Mohd Salleh and Ang Huat Bin both agreed that effective teaching strategies were necessary in realizing the different abilities of students. The mastery learning teaching method used by teachers could help them to gauge the level of skills that students have acquired before they can advance to a higher level of skills. Thus in learning a subject matter, students must 1st learn the terminologies, the basic concepts and the procedures before applying those basic ingredients to novel problems in daily life. This concept of mastery learning was introduced by Benjamin Bloom in the 1960s based on the principles of a learner can master knowledge if he or she is given enough time to learn it and if the teaching and learning process used to teach it is appropriate. Bloom states that if a learner proves that he or she is able to complete a given task, chances are he or she can do the following task with success too.

The ability to complete one task to another will motivate and increase his or her confidence to keep learning the next task. Block then identified three main characteristics of mastery learning such as encourage learners to move on to the next learning task, provide learners with the time they need to master a knowledge and lastly inform learners their level of achievement and what to expect in the next step.

The mastery learning method divides subject matter into units that have predetermined objectives or unit expectations. Students, alone or in groups, work through each unit in an organized fashion. Students must demonstrate mastery on unit exams, typically 80% before moving on to new material. Students who do not achieve mastery receive remediation through tutoring, peer monitoring, small group discussions or additional homework. Additional time for learning is prescribed for those requiring remediation. Students continue the cycle of studying and testing until mastery is met. Block states that students with minimal prior knowledge of material have higher achievement through mastery learning than with traditional methods of instruction.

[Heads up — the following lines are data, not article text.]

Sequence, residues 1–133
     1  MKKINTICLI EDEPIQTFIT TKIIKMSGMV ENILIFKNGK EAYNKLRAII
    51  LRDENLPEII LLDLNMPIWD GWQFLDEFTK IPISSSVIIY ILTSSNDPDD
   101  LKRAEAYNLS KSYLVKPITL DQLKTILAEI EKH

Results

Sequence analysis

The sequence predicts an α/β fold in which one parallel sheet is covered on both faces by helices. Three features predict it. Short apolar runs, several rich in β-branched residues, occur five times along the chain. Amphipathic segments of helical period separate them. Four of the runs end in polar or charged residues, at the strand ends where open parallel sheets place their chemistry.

According to the Curriculum Development Department in the Ministry of Education, Malaysia (2003) mastery learning allows a normal learner to learn what is taught to them with ease because their teachers will divide learning tasks into a few small units of learning activities. There are various models of mastery learning put forward by researchers such as Block (1973) and Bloom (1968). In general, they are almost the same and follow some general steps. Mastery learning consists of several steps for teachers to implement in the classroom. The 1st step involves determining the learning outcomes that teachers want students to achieve at the end of each mastery learning unit.

The purpose of this step is to help the students to be clear of what he or she has to master or acquire and focus on specific content to learn. In the 2nd step, teachers, they should plan specific teaching strategies or techniques for the particular unit and prepare relevant formative and summative test. Besides, teachers must show their interest in the students learning effort and try to encourage them to go through each unit with success. In the 3rd step, teachers should evaluate students’ achievement at the end of each unit of mastery learning. In the 4th step, teachers should identify those students who have not achieved the predetermined learning outcome for the purpose of providing remedial activities. However, those students who had achieved the learning outcome should be given enrichment activities. Dick and Reiser pointed out that learners need to be provided with extra activities to allow them more chance to master a knowledge. Thus, teachers should prepare themselves with more challenging activities to encourage students to think and solve their learning problems. Lucas and Mladenovic (2004) supported this view by adding that teachers should provide students with a variety of learning tasks to direct them to a learning goal. Consequently, students should be evaluated to determine the extent of their learning status.